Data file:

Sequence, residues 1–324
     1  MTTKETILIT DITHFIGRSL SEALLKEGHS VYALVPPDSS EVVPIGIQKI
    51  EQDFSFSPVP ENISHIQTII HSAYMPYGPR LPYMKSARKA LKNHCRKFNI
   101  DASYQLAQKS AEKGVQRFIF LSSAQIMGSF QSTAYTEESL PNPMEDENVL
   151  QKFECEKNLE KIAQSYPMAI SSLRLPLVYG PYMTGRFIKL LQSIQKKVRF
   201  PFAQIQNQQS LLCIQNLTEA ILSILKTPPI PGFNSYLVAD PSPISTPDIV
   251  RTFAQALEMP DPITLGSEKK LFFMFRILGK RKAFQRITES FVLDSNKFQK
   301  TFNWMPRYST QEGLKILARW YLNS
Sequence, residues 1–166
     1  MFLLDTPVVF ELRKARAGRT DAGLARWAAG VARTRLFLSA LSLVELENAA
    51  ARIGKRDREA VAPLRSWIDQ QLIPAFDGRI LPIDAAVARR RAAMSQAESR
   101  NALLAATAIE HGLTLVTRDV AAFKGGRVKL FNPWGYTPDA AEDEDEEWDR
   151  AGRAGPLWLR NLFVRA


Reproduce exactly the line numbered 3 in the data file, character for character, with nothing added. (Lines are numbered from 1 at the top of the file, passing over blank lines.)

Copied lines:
    51  EQDFSFSPVP ENISHIQTII HSAYMPYGPR LPYMKSARKA LKNHCRKFNI